EAUH 2024 in Ostrava

EAUH 2024 in Ostrava
Call for Papers by the 20 October

Main Sessions:
M26 Imaginary vs. Real: Towns on the Border and Border in Towns

Main chair: Jana Vojtíšková, doc., PhDr., Ph.D., Institut of History, University of Hradec Králové (Czech Republic)
E-mail: jana.vojtiskova@uhk.cz
1st Co-chair: Drahoslav Magdoško, Mgr., Ph.D., Institut of History, Pavol Jozef Šafárik University in Košice (Slovakia)
E-mail: drahoslav.magdosko@upjs.sk
2nd Co-chair: Josef Kadeřábek, PhDr., Ph.D., Regional Museum in Slaný (Czech Republic)
E-mail: kaderabek.josef@seznam.cz

Short abstract
The section will be interdisciplinary, with an emphasis on the connection of history, sociology, and anthropology. It will deal with the issue of imaginary borders in urban space, in the wide timeframe of the Middle Ages and the Early Modern Period.
Keywords: symbolic communication; imaginary boundaries; mind mapping; historical and visual anthropology

symbolic communication; imaginary boundaries; mind mapping; historical and visual anthropology

Session content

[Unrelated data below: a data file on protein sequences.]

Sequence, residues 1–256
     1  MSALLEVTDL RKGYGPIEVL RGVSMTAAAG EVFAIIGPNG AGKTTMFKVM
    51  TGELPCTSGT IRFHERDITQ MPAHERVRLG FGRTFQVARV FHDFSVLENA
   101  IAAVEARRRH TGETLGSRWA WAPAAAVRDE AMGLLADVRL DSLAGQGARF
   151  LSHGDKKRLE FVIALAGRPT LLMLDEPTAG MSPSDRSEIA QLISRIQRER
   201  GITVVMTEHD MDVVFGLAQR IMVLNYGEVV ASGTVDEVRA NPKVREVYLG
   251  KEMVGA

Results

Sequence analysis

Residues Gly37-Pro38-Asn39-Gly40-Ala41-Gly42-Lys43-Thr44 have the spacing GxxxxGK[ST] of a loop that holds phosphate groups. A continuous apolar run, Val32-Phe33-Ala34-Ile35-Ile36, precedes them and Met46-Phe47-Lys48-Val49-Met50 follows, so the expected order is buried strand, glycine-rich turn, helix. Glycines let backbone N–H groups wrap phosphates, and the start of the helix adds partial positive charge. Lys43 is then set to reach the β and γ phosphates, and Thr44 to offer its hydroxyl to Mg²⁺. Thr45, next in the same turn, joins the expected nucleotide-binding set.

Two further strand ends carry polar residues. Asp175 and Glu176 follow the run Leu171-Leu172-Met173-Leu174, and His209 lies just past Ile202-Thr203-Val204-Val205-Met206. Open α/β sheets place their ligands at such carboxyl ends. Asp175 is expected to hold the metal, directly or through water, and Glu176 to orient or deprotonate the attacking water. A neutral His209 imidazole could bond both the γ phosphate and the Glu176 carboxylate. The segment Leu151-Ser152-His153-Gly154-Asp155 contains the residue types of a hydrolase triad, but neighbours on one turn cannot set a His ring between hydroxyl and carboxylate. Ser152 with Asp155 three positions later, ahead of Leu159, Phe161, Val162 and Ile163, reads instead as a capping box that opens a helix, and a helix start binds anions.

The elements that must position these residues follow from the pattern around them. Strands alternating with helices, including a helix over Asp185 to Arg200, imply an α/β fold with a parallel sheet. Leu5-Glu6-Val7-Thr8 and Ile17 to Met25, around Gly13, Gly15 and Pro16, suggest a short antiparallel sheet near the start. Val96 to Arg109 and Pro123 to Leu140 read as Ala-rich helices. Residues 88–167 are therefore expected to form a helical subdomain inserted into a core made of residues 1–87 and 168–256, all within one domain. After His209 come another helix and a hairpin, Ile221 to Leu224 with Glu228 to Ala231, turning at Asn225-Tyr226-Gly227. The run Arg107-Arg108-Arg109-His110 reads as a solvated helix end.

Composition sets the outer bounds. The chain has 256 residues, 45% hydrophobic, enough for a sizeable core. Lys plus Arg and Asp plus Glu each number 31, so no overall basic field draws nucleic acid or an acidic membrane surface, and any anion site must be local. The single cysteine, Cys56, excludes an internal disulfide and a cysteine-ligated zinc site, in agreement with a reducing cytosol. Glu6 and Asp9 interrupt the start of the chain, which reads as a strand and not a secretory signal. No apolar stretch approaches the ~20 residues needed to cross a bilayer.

There are borders that no one drew on maps, but people carried them in their minds. Often contemporaries even perceived them more sharply than the real, visually represented ones. Exceeding these imaginary boundaries was undesirable, punishable, and had social, economic, and political consequences. The goal of our section is to raise and then deepen the topic of imaginary borders and maps in the field of research in urban history. How did imaginary borders come about? Did they enter urban space to become physical boundaries? Did the vanished physical boundaries remain in people as mental traces? Were there rituals associated with crossing them? We would like to find an answer to these and many other questions with the help of the methodology of historical and visual anthropology, urban studies, or the history of everyday life. The issue of mental or imaginary mapping, which deals with the creation of alternative city maps and plans based on local awareness or the nomenclature of city districts used by different social groups, should not be left out. We are also interested in the answers to the questions whether these imaginary maps have the same borders as the physical ones, what their roots are. How do the imaginary maps of different social groups differ? In connection with the above, we open the scope to both medieval and early modern themes, so that we can trace the phenomenon of the imaginary borders of our ancestors across these two epochs in the light of summary contributions and case studies.